I will make every effort to stay connected with you all by written communication and electronic participation in meetings and rounds and will always be available to you, should you need to call on my services. I will remain encouraging of the important research into fasting and plant-based nutrition that is planned for TrueNorth and supportive of the growth of the Center’s clinical program. I look forward to contributing to this pioneering work in some way, increasingly feasible to do in this age of electronic wizardry.

Though we may travel many miles from Santa Rosa, you will always be in our hearts and will have our eternal gratitude for all we have learned, received and enjoyed here. Our best wishes to you all for lives filled with health, happiness and Peace from Alese and me.


Dr. Michael Klaper

NOTE: I will be able to be reached at: and those interested in following my writings, appearances and webinars can do so through my website:

Vegan Diets Linked to Reduced Cataract Risk

Submitted on June 25, 2011 - 6:29am

This week, I was planning to write about recent research that found a strong, positive correlation between a diet including animal proteins and type 2 diabetes.  The study "Low-carbohydrate diet scores and risk of type 2 diabetes in men" was published in the American Journal of Clinical Nutrition. As I was reading through the articles, though, I found a number of articles in the current volume of the journal that support (albeit indirectly) a whole-food, plant-based diet. Here''s a few of the articles I found:

  • A high-fat diet impairs cardiac high-energy phosphate metabolism and cognitive function in healthy human subjects. The American journal of clinical nutrition Vol: 93 Issue: 4 ISSN: 0002-9165 Date: 04/2011 Pages: 844 - 850.
    • This was a small study (n=16) of young males that compared a high fat diet (75 +/- 1% of calories) to a standard diet (23 +/- 1%). The researchers measured cardiac functions and cognitive functions. They found that the high fat diet decreased a major biomarker for cardiac function. They also found reduced cognitive abilities from the high fat diet. The real question to me is how did anyone manage to consume a diet with 75% of calories from fat...I can see why they had to use young males in the study.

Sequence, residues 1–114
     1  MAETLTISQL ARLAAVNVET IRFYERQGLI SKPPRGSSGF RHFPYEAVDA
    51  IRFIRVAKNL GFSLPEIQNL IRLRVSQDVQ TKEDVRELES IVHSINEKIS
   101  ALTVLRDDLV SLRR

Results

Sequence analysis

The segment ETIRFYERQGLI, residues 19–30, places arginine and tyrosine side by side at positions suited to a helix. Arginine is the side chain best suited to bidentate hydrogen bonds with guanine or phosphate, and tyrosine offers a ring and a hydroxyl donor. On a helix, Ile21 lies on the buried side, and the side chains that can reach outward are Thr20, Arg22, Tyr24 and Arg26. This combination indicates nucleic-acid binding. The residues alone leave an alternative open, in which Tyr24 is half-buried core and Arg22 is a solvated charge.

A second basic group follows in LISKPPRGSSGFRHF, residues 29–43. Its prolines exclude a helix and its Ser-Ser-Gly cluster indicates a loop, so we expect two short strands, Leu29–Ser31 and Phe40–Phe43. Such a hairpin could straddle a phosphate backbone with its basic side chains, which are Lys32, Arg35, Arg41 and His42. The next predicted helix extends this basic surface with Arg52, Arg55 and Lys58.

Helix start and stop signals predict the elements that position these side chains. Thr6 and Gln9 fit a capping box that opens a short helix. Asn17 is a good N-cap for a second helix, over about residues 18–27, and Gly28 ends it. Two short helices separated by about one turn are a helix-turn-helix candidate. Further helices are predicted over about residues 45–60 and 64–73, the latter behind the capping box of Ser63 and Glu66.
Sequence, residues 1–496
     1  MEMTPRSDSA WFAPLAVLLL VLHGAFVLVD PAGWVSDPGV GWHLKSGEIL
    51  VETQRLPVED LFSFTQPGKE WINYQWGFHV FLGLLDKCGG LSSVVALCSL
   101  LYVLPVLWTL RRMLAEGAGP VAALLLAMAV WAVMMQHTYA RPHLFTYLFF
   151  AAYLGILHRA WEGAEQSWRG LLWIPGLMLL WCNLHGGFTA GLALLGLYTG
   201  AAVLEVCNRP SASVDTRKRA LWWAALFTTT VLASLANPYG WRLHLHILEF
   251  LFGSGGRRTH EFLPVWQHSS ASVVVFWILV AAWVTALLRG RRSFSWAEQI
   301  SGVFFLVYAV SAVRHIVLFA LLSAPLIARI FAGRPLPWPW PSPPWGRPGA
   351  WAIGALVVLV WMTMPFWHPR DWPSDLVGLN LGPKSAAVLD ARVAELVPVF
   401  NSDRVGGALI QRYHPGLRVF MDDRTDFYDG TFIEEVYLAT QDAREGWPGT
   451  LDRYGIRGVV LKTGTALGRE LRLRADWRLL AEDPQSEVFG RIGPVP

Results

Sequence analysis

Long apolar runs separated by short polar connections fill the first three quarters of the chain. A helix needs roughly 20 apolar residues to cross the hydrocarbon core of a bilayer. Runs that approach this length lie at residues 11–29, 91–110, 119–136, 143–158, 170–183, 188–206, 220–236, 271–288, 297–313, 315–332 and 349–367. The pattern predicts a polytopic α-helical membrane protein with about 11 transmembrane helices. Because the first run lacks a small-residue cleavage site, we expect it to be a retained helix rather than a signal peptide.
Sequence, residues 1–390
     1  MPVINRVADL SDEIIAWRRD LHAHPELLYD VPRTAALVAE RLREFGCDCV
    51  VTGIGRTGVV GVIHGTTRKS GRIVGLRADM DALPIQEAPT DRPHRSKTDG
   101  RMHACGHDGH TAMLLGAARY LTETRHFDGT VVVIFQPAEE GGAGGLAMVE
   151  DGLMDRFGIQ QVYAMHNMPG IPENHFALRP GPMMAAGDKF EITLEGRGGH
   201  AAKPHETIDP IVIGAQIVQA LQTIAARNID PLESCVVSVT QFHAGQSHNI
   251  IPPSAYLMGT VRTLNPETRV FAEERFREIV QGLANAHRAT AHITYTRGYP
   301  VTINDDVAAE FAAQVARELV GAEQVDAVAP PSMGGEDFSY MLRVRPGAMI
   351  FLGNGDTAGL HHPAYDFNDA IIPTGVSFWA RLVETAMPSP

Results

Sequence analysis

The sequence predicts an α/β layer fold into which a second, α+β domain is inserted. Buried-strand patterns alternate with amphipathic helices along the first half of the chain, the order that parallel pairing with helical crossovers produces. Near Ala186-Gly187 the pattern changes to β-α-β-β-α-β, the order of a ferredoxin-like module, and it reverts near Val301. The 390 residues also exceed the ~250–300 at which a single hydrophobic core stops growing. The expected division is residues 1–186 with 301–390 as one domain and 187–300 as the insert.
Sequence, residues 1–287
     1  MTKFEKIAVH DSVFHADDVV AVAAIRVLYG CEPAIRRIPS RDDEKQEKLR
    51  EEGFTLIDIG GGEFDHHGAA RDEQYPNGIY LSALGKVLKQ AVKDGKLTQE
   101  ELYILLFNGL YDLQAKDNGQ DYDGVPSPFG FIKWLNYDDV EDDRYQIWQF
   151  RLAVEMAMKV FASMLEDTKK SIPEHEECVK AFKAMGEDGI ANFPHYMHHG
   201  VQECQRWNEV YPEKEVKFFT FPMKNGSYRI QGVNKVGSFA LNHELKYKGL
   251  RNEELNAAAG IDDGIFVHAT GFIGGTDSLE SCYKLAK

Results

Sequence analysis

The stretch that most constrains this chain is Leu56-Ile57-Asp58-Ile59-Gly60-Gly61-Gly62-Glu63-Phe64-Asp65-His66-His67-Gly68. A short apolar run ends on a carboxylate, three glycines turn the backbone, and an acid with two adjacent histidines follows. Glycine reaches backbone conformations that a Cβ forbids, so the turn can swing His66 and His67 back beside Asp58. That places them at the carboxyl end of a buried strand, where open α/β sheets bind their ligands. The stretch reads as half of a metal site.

• High-protein, reduced-carbohydrate weight-loss diets promote metabolite profiles likely to be detrimental to colonic health: The American journal of clinical nutrition Vol: 93 Issue: 5 ISSN: 0002-9165 Date: 05/2011 Pages: 1062 - 1072
    • This study followed 17 obese men and put them on both a high protein, moderate carbohydrate diet and a high protein, low carbohydrate for 4 weeks at a time. The researchers concluded: "After 4 wk, weight-loss diets that were high in protein but reduced in total carbohydrates and fiber resulted in a significant decrease in fecal cancer-protective metabolites and increased concentrations of hazardous metabolites."
  • Diet, vegetarianism, and cataract risk: The American journal of clinical nutrition Vol: 93 Issue: 5 ISSN: 0002-9165 Date: 05/2011 Pages: 1128 - 1135
    • I found this study one of the more interesting because they had a large sample size (n=27,670). The results they published: "There was a strong relation between cataract risk and diet group, with a progressive decrease in risk of cataract in high meat eaters to low meat eaters, fish eaters (participants who ate fish but not meat), vegetarians, and vegans."

The last study in the list is just part of the growing body of large-scale evidence supporting the hypothesis that a whole-food, plant-based diet will lead to better health outcomes that a diet rich with animal foods and processed products. Hopefully I''ll get around to a more in-depth analysis of the type 2 diabetes study next week.